Tag Archives: carnivore

FBI snooping tactic ruled unconstitutional

FBI snooping tactic ruled unconstitutional

AFP – A US judge has ordered the FBI to stop its “pervasive” use of National Security letters to snoop on phone and email records, ruling that the widespread tactic was unconstitutional.

The order issued by US District Court Judge Susan Illston in San Francisco came as a blow to a measure heavily used by the administration of President Barack Obama in the name of battling terrorism.

The Patriot Act passed after the September 11 attacks gave the Federal Bureau of Investigation strong authority to order that people’s telecom records be handed over, without such requests having to be disclosed.

But in her ruling, Illston said evidence indicated that tens of thousands of NSLs are sent out every year, and that 97 percent of them are fettered with the provision that recipients never mention the requests.

“This pervasive use of nondisclosure orders, coupled with the government’s failure to demonstrate that a blanket prohibition on recipients’ ability to disclose the mere fact of receipt of an NSL is necessary to serve the compelling need of national security, creates too large a danger that speech is being unnecessarily restricted,” Illston said in her written decision.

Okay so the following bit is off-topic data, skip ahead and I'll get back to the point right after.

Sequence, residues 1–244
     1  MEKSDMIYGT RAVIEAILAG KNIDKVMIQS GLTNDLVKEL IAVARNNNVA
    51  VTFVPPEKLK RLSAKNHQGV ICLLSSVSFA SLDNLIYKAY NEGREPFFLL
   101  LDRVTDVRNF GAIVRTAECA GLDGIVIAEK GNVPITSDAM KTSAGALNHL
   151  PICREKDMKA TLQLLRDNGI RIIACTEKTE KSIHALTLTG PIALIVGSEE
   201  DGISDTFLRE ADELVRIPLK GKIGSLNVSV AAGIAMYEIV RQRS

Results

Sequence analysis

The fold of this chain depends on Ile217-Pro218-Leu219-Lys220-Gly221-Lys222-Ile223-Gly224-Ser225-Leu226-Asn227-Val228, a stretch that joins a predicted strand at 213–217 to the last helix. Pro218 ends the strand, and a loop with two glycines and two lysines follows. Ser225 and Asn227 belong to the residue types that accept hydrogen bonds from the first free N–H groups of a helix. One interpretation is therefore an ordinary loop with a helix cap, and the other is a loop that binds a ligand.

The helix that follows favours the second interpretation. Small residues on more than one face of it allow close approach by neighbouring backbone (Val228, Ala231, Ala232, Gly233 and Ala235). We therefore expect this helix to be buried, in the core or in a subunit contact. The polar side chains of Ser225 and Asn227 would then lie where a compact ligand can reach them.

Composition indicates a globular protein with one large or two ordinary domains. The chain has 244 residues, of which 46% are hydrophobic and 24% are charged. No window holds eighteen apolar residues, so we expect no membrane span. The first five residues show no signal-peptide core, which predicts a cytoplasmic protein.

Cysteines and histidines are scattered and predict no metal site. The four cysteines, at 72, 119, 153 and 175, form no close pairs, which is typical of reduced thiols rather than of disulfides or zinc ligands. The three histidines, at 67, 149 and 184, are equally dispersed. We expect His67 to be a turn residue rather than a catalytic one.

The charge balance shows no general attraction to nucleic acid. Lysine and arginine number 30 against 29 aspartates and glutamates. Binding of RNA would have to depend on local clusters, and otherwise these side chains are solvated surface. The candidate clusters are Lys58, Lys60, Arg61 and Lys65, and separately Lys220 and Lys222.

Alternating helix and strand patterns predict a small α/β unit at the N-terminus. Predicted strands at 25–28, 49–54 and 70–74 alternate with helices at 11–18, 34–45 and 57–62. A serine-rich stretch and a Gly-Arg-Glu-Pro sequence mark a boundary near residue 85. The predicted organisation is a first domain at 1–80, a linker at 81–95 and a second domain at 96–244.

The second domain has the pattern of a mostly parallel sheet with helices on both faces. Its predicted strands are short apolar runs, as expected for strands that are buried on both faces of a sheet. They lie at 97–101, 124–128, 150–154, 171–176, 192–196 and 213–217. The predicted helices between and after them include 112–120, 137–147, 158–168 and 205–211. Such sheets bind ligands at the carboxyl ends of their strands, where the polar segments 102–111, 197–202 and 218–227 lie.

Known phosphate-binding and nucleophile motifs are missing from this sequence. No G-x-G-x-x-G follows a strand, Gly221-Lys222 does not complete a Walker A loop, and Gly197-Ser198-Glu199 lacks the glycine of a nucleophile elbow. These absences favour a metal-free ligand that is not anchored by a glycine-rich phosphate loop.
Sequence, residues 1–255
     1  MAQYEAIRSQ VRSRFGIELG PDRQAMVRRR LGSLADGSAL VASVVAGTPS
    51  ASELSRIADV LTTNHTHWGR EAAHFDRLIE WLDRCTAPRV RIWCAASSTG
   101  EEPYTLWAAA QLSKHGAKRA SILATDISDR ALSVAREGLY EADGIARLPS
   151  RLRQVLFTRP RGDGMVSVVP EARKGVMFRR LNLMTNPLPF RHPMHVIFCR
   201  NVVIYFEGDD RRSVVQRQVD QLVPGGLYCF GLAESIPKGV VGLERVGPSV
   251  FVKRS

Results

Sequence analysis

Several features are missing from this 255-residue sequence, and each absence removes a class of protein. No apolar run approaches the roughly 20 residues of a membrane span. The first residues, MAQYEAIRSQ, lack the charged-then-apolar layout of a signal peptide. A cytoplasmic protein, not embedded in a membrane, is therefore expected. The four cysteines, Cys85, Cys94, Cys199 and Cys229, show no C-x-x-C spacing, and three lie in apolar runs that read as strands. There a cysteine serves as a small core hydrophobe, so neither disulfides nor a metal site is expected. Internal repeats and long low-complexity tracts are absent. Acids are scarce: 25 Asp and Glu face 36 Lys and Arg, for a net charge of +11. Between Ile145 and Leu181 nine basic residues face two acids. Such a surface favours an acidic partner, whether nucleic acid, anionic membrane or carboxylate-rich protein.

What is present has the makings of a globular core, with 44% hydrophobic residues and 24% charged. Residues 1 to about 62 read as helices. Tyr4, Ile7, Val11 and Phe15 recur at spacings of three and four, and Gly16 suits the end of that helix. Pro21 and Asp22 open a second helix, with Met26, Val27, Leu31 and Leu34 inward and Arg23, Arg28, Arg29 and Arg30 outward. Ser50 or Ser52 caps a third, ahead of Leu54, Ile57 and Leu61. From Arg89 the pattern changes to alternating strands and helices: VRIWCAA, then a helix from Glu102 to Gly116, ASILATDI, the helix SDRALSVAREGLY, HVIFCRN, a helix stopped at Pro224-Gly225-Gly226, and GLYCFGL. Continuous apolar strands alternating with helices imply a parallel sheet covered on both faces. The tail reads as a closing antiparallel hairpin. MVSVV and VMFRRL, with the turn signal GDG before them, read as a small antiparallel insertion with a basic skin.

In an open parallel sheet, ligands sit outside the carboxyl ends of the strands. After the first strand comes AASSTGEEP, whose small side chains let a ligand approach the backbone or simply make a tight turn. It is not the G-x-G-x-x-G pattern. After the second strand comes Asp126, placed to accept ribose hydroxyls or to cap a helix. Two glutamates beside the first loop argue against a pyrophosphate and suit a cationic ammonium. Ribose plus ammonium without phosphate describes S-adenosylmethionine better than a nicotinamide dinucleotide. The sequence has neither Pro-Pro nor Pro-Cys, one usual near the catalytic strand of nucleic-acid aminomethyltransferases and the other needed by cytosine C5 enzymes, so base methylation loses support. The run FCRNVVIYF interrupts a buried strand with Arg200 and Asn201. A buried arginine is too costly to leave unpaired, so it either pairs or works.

Illston set her ban on NSLs to take effect in 90 days to allow US lawyers to appeal the decision given “the significant constitutional and national security issues at stake.”

The judge’s ruling came in a lawsuit filed in 2011 by Internet rights law group Electronic Frontier Foundation (EFF) on behalf of an unnamed telecom company.

“We are very pleased that the court recognized the fatal constitutional shortcomings of the NSL statute,” said EFF Senior Staff Attorney Matt Zimmerman.

“The government’s gags have truncated the public debate on these controversial surveillance tools.”

It was the potential for gag orders accompanying NSLs to violate the First Amendment right of free speech that prompted the ruling, according to Zimmerman.